Usually discarded, the avocado seed actually contains higher amounts of antioxidants than the flesh, as much as 70% of the avocado's total antioxidant potential! Antioxidants, such as those found in the humble avocado seed, help rid your body of free radicals and can help prevent some cancers, strengthen your immune system, and delay the effects aging can have on the brain.
In a 2013 study by Pennsylvania State University, it was found that avocado seeds may improve high cholesterol and help in the treatment of hypertension and even diabetes. The same 2013 study also reveals that avocado seeds help reduce inflammation with the help of procyanidins and catechins, the same antioxidant found in green tea. Excessive amounts of inflammation within the body can lead to joint pain, swelling, and reduced mobility.
Organic avocado seeds are also a great food for adding more fiber to your diet. In an interview, Dr. Tom Wu, winner of the American Cancer Society’s “Remarkable Contribution Award”, shares why he uses the whole avocado in his smoothies:
“[The avocado seed is] also the highest in soluble fiber. This soluble fiber binds to the fat and excess cholesterol. We can improve the blood circulation by pulling out all the fatty deposits in our circulatory system with the soluble fiber of the avocado seed. Soluble fiber is very hard to get in our diet. Oatmeal has some, but it cannot compare with the avocado seed. Any heart disease patient must eat the avocado including the seed.”
Given what we now know about the benefits of avocado seeds, is it any wonder that avocados seeds are being touted as the new superfood on the block by health and wellness foodies?
How to Prepare Avocado Seeds
Ok, but how do I eat it? At least that's what I asked when I first learned of the benefits hidden within the seed. Anyone who has tried to use toothpicks and a glass of water to grow an avocado plant from the seed knows that avocado seeds are quite firm. That said, the easiest way to prepare the seed is to carefully whack the seed with a heavy knife. A fresh seed should still be soft enough to be cracked in half and then chopped into smaller bite sized pieces with a kitchen knife.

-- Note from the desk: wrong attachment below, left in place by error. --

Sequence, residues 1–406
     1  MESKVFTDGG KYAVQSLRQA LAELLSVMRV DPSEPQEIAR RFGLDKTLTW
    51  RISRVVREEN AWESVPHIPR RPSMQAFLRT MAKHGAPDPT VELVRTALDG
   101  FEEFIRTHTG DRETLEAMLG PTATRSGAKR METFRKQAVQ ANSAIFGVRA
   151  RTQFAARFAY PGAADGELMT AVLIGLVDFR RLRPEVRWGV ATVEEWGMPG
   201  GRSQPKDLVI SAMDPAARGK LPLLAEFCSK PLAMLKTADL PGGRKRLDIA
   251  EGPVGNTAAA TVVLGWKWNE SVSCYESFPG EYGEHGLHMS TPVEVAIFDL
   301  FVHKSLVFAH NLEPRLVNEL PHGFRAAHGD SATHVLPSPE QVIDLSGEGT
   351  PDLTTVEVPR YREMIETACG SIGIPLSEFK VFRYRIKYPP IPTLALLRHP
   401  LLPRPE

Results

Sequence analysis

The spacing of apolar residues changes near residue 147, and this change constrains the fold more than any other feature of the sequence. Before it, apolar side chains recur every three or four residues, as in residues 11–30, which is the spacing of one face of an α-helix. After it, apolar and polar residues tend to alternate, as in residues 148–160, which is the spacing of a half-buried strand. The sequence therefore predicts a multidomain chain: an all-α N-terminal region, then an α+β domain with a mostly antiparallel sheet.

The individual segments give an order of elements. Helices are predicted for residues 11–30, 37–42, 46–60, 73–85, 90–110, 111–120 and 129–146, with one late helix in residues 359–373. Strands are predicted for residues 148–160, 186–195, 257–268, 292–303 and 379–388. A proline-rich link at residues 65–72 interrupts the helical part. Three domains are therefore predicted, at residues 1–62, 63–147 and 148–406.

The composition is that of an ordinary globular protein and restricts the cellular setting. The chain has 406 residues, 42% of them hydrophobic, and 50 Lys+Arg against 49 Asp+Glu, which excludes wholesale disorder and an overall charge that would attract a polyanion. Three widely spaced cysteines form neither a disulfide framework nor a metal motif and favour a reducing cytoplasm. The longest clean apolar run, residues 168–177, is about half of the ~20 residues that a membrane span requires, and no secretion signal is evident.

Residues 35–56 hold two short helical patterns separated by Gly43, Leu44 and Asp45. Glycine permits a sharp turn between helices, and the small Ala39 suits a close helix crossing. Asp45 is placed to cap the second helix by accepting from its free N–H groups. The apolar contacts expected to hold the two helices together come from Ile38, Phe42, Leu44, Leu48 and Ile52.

Another method is to dry out the seed by placing it on a windowsill or in a dehydrator. Once dried, the seed can be grated with a micro plane or a cheese grater and used as a topping for salads or oatmeal.
Avocado Seed Recipes
Avocado seeds have a high amount of tannins that give them a bitter taste and are best used in recipes that can mask the bitterness. The most common way to mask the bitterness is to add half of the seed to a smoothie. Powerful blenders are strong enough to handle the whole half, but if you have and older or less powerful blender I recommend chopping the seed into smaller pieces before incorporating it into your smoothie.
To start off you could try our favorite organic avocado seed smoothie recipe:
1 cup frozen blueberries
½ cup frozen blackberries
1 ripe banana, peeled
1 tbsp. chia seeds
1 half of an organic avocado, peeled
1 half an organic avocado seed, chopped
¾ cup of water
Toss everything into the blender and pulse until smooth. If the smoothie is too thick, just add a small amount of water until preferred consistency is achieved. Remember, if you have a weaker or old blender try chopping up the avocado seed before blending.
Since learning that avocado seeds are full of antioxidants, fiber, and vitamins I have started to save the seeds that I used to toss in the trash. Do you think you will try a California avocado seed in your next smoothie? Let us know!
The combination of pomegranate seeds and organic avocado not only looks interesting but also tastes incredible. The rich and creamy texture of the guacamole mixed with the crunch of the walnuts and the juicy bites of the pomegranate seeds will make you wish you made more! This easy recipe is inspired by Puesto, a restaurant in downtown San Diego, CA.
-1 lime, juiced
-1 tomato, diced
-1/2 cup of pomegranate seeds
-1/3 cup of walnuts
-1/2-1 jalapeno, finely diced
-salt and pepper to taste
Peel and moderately mash avocados. Lightly stir in lime juice, and tomato. Add salt, pepper, and jalapeno to taste. Once the taste is to your preference, lightly stir in pomegranate seeds and walnuts.
image courtesy of Forks and Beans.
Thanksgiving is just around the corner... and you know what that means: overeating and mind numbing amounts of leftovers for days. While avocados aren't a part of the traditional Thanksgiving day menu, you'll be thankful to have some avocados lying around to spice up your leftover life and to get your healthy lifestyle back on track. Have some avocados on hand so that you don't get to the point that you feel winded every time you head back to the kitchen and start thinking, "I'm pretty sure I'm just sweating gravy now."